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{bio,medical} informatics

Monday, July 31, 2000

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HMS Beagle Adding up mutations
[requires 'free' registration]
"A new mathematical model shows that competition for food among a small group of animals can lead to “synergistic epistasis.” This is a genetic interaction in which the negative effects of a deleterious mutation are more pronounced in a genome that has other harmful mutations. The authors note that similar models could demonstrate synergy stemming from competition for other resources besides food. Territory is one example. Furthermore, the approach might be applied to other sources of fitness variation aside from mutations.

Reference: Peck, J.R. and Waxman, D. 2000. Mutation and sex in a competitive world. Nature 406(6794):399-404."
redux [04.25.00]
UniSci Selfish Gene Theory Of Evolution Called Fatally Flawed
"In the current issue of Advances in Complex Systems (February-April), Dr. Yaneer Bar-Yam, president of the New England Complex Systems Institute and an expert on the application of mathematical analysis to complex systems, contends that the selfish-gene theory of evolution is fatally flawed.

If his mathematical proof gains general acceptance, it will shut the door on controversial "gene-centered" views of evolution.

Bar-Yam, in the upcoming article, proves that the "selfish gene" approach is not valid in the general case. He demonstrates that the gene-centered view, expressed in mathematical form, is only an approximation of the dynamics actually at work."

"The key to Bar-Yam's analysis lies in recognizing three levels of structure in nature: the gene, the organism and the group (or network) of organisms."

redux [04.05.00]
HMS Beagle Are Computers Evolving in Biology?
[requires 'free' registration]
"I suspect that although the new enthusiasm for computers in biology is genuine, it overlooks some basic problems in implementation. The basic difficulty, as I see it, is that although biologists use computers, they do not trust everything that comes out of them. It is one thing to use them to print up nice-looking graphs, but it is an entirely different matter to use them to think better."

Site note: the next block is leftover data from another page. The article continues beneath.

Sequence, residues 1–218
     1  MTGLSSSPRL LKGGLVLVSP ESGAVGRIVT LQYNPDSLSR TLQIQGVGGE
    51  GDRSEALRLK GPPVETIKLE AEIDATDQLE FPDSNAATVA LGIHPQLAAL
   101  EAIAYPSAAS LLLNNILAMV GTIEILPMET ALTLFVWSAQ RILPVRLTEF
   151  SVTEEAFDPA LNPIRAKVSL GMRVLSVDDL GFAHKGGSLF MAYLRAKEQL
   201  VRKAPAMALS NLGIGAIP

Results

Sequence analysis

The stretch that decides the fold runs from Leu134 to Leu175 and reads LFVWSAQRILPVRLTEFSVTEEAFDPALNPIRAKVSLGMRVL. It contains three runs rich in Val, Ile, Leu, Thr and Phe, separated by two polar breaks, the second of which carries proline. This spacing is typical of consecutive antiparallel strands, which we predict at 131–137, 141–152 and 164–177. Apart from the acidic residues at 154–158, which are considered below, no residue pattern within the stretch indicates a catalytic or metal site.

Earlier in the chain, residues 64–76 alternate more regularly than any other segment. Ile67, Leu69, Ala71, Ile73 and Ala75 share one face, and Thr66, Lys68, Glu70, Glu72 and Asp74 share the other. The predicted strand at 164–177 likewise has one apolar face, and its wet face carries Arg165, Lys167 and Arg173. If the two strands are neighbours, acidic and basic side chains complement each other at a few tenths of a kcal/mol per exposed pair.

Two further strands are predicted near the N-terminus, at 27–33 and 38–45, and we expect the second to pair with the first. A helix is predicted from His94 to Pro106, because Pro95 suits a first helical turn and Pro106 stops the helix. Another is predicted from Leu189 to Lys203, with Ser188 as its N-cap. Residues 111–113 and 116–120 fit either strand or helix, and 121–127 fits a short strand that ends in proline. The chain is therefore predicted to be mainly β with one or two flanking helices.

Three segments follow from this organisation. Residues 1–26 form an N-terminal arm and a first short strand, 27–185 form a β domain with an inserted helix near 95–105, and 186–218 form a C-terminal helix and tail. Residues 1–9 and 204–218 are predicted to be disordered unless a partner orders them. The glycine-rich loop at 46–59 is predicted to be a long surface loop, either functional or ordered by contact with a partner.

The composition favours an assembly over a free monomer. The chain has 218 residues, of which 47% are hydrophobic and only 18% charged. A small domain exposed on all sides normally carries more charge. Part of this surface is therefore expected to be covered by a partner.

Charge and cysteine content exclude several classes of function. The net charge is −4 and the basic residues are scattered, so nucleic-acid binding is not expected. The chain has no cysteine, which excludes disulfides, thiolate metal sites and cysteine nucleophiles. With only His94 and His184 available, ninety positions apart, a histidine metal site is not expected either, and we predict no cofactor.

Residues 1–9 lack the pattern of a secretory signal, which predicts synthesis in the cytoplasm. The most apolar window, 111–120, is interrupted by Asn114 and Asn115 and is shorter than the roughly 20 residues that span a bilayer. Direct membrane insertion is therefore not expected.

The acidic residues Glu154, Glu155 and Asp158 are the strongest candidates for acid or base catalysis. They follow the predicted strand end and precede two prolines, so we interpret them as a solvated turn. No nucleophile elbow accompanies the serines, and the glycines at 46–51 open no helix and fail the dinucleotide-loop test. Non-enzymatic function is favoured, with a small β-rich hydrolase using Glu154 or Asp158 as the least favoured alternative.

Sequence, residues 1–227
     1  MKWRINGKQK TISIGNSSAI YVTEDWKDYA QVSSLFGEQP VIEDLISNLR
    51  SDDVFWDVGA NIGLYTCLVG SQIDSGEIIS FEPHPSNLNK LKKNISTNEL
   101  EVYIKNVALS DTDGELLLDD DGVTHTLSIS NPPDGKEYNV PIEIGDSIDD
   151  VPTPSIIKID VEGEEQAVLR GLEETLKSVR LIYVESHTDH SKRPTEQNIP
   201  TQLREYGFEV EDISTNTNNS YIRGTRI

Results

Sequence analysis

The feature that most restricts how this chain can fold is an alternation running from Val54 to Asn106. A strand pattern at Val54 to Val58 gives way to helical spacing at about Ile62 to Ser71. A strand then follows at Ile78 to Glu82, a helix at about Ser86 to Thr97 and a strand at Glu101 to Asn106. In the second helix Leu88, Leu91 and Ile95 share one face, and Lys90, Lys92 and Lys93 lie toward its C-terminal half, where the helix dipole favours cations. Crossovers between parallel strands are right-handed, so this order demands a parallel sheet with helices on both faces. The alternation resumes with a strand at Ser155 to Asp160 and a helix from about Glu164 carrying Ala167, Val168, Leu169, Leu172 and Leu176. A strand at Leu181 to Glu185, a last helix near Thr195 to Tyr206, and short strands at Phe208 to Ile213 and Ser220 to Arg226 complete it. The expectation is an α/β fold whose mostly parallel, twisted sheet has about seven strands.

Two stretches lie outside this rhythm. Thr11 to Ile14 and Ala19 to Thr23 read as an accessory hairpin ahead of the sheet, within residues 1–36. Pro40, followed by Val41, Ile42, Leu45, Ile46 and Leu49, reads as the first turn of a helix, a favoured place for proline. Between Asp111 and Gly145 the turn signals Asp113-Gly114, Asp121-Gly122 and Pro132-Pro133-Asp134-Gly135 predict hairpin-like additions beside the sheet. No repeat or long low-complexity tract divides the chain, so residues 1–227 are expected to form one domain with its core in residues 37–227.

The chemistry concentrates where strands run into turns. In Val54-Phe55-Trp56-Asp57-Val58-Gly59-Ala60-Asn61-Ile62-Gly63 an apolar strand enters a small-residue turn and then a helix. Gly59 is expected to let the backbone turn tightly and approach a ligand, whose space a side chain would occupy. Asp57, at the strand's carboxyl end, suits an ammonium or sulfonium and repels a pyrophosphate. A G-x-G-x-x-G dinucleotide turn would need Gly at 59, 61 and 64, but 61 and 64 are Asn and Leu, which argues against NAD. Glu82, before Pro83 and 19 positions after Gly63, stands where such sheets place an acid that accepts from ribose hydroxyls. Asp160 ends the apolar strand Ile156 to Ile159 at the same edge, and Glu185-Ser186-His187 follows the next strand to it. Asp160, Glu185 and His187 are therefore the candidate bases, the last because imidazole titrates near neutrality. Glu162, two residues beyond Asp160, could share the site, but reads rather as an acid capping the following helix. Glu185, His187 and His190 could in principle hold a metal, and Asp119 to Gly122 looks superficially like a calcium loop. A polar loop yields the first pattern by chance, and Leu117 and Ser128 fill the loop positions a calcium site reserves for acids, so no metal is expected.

"Francis Crick was once quoted as saying that no biologist had ever made a discovery using a mathematical model. I would reply that no biologist has ever made a discovery by running an electrophoretic gel. They make discoveries by using their brains. Computers, like all scientific tools, are only as good as the person who uses them. If biologists don't understand how computer models are constructed, they won't know their strengths and limitations. Without some foundation of trust, biologists will be unlikely to utilize or accept this powerful method of data analysis."

redux [02.24.00]
Science Revealing Uncertainties in Computer Models
[summary - can be viewed for free once registered]
"Computer simulations give the impression of precision, but they are founded on a raft of assumptions, simplifications, and outright errors. New tools are needed, scientists say, to quantify the uncertainties inherent in calculations and to evaluate the validity of the models. But making uncertainties evident is a tough challenge, as evidenced by several recent workshops.”

[ rhetoric ]

Bioinformatics will be at the core of biology in the 21st century. In fields ranging from structural biology to genomics to biomedical imaging, ready access to data and analytical tools are fundamentally changing the way investigators in the life sciences conduct research and approach problems. Complex, computationally intensive biological problems are now being addressed and promise to significantly advance our understanding of biology and medicine. No biological discipline will be unaffected by these technological breakthroughs.


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